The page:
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High Quality Scans of Public Domain Sheet Music

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I recently purchased an iPad 2, the forScore app, the AirTurn BT-105 and ATFS-1 Footswitches (for page turning)—the first big steps into digitizing my entire music library. The main problem is that almost all of my piano books are larger than my flatbed scanner can handle, so even if I had the bindings cut I still wouldn’t be able to feed the loose pages through the auto document feeder. There’s the option of having Kinkos or OfficeMax doing the scanning for me, but they charge $0.20 – 0.25 per page. A large format scanner starts at $2499.

I was lamenting to my friend, Tom, about this and brilliantly pointed out that most classical music is public domain and that somebody has to have already scanned all of the stuff and put them online. Of course, a few minutes of Googling from the both of us produced tons of sites. Thus far, the one I like the most is Cantorion.

The scans and transcriptions are high in quality, and the community seems very strong and involved. Their collections include scores for multiple instruments (and sometimes full orchestra!). So far, I’ve found PDFs of most of my collection (e.g. Chopin, Liszt, Beethoven, Rachmaninoff, etc.). I’m confident I won’t have any problems finding the rest.

Here are some other resources that we found that I haven’t researched but look very promising:

Thanks for the help, Tom!

Cantorion.org

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June 28, 2011 - Posted by | Music | , , , , , ,

6 Comments

  1. Mike, thanks for aggregating these links. I reviewed the AT-104 (non-BT version) here a while ago and found it nice but needing lots of refinement, particularly in the accompanying software. http://pianoanimato.com/2011/01/07/airturn-at-104-review/

    How are you liking the BT version and those pedals? I assume you’re playing piano with this. How has it been getting used to the extra pedal work?

    Comment by Paul Schmutzler | July 4, 2011

    • Hi, Paul! There is definitely a learning curve having the extra two pedals next to the three pedals of the piano. I used it for the first time last weekend at my church. I decided to go “without a net” and used only the iPad (with no binder of music prepped like usual). The pedals worked as advertised. The main hang-ups, if any, are with the forScore app for the iPad. I wish it rendered just a *tad* bit faster, but that didn’t really hinder me too much. Again, it’s more of just practicing with it. I’m sure I’ll get to a point where I don’t think about it as much.

      One thing I’m trying to figure out right now is how to reenable the virtual keyboard in the iPad when the AT-105 is connected. Since the pedals connect as a “keyboard” the virtual keyboard just goes away. That’s fine when you have a setlist to work off of and you are just moving forward from pieces to piece, but when you’re at a party (like I was today) and you just want to search through the library, you can’t type.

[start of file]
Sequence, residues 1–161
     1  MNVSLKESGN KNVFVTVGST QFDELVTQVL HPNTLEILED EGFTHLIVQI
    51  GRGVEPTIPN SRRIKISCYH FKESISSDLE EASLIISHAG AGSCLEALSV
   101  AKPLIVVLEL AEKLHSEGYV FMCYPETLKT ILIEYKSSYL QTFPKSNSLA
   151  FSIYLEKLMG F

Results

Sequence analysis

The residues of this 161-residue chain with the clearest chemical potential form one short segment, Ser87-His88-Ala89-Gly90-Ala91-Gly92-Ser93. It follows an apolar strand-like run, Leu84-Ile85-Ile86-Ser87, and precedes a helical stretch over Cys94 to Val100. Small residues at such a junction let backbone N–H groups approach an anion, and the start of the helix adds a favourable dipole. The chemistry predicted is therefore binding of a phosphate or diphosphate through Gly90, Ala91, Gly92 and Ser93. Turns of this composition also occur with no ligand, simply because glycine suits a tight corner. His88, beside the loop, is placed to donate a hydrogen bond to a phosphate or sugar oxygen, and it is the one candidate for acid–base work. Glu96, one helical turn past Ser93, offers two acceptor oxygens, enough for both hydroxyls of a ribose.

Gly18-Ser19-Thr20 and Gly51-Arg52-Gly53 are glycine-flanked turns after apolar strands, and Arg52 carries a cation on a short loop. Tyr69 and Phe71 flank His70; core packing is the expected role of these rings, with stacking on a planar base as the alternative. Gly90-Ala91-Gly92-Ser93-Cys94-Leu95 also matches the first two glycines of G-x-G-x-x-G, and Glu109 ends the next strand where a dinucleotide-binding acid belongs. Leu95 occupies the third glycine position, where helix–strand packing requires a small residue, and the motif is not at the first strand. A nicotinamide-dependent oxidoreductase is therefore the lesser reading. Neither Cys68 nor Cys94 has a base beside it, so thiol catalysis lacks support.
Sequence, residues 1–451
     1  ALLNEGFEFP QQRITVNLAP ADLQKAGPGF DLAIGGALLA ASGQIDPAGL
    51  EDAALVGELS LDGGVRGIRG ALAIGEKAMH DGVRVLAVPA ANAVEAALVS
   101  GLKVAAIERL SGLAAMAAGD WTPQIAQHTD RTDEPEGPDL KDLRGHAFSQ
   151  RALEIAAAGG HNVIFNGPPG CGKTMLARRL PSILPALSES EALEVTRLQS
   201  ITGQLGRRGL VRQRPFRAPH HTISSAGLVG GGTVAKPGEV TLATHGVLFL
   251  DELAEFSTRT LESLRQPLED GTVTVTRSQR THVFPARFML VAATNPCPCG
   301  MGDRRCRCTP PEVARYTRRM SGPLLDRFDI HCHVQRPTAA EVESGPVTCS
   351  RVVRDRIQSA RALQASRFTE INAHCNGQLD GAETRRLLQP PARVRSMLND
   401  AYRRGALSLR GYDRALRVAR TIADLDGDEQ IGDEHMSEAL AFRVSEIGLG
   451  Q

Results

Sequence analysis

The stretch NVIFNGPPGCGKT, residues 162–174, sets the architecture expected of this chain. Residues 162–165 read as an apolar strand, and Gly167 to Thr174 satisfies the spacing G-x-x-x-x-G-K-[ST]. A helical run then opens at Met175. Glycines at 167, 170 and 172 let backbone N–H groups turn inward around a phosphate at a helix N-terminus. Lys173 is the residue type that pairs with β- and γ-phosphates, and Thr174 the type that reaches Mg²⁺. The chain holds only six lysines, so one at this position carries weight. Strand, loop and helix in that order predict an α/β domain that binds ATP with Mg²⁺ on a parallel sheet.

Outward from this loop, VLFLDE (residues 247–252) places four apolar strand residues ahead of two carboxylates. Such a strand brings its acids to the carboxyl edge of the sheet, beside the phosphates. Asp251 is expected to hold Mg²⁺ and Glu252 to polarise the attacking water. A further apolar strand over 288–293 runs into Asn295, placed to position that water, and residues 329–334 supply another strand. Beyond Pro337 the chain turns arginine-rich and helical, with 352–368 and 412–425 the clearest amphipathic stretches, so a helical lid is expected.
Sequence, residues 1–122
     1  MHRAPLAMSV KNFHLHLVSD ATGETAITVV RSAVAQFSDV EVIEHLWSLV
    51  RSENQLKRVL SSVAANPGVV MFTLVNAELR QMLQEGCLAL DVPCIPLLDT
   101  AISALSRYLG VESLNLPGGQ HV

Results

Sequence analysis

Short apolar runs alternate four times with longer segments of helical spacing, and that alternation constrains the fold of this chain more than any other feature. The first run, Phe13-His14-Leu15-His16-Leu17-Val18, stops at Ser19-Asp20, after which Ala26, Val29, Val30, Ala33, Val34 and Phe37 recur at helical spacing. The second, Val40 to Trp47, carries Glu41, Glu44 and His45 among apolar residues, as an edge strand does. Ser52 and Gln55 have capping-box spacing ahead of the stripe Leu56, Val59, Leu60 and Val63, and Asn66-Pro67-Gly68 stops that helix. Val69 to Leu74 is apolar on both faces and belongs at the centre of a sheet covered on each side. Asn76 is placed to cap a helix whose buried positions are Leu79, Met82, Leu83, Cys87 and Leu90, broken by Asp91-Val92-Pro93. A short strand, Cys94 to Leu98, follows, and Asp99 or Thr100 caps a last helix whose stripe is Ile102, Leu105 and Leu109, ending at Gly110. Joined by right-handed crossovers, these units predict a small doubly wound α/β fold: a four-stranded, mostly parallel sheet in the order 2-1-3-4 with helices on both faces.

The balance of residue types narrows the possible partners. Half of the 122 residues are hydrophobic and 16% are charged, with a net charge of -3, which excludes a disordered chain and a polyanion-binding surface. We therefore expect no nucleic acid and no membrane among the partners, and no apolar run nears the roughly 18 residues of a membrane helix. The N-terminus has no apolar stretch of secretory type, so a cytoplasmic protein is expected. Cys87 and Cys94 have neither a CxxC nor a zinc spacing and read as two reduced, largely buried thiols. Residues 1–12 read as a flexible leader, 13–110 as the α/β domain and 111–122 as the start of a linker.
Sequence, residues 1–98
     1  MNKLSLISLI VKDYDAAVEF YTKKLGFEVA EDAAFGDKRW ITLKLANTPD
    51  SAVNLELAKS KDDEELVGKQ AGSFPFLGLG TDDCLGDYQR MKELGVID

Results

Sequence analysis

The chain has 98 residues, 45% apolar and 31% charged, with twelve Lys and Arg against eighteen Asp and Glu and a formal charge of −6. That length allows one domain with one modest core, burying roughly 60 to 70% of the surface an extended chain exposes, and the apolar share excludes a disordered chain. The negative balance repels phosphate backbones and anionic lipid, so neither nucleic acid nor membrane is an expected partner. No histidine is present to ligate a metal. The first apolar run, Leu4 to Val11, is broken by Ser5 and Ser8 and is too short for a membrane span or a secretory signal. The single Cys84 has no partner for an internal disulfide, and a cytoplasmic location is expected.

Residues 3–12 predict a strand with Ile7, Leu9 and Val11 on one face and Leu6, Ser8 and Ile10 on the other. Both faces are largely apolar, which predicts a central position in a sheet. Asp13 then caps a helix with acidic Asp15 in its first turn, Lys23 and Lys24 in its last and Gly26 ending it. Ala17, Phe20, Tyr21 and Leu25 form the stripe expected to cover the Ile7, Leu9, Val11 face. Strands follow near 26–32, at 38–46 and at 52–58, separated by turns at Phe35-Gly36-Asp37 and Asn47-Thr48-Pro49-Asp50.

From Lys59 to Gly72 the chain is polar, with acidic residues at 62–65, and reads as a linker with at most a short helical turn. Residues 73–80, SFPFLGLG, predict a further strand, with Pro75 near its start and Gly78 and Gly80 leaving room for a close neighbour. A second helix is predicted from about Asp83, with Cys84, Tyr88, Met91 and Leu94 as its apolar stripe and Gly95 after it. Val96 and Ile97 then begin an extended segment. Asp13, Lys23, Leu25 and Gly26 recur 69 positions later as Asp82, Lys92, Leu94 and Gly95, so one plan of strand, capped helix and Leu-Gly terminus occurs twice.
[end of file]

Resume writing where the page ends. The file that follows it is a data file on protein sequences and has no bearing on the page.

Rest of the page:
Overall I’m still very pleased at how this all worked out and have no regrets.

      Comment by Mike | July 4, 2011

  2. Good to know, Mike. I’ll have to check out the forScore app. The AT-104 used an Mac/Windows app called MusicReader. It was plain AWFUL! Does forScore require converting the files to another format, or can it simply use the PDFs?

    Comment by Paul Schmutzler | July 12, 2011

    • forScore reads PDFs. 🙂 It also has an extensive bookmarking and metadata system. I have a few compilation books scanned into single PDFs (per book). I used to extract individual songs out as separate files, but forScore’s bookmarking supports page ranges which make each song appear as a separate and searchable entity within the app. Now I just keep large PDFs in the app and bookmark like crazy. forScore can also read in bookmarks that are embedded in the PDF (but you still have to specify a page range via the app).

      Great app!

      Comment by Mike | July 15, 2011

  3. Certainly sounds like a match made in Heaven. I was told by Airturn that the MusicReader app and it’s proprietary file format was necessary for image processing (making the pages turn and render quicker.) I guess that’s one advantage it may have over forScore’s ability to just display PDFs.

    Last question: how do you feel about the iPad’s size for reading music? When I tried it out, it seemed to be a little on the small side. I’ve been hoping for someone to produce an 11-12″ tablet that is cheap for simply displaying documents and/or note taking.

    Comment by Paul Schmutzler | July 15, 2011

    • It’s definitely small. You could just put the iPad into landscape orientation to make it bigger. You’ll be viewing only a couple of staves (depending on the music itself). The page-turn will automatically “scroll down” for you. I prefer having it in portrait orientation and just seeing all the music at once.

      Comment by Mike | July 15, 2011


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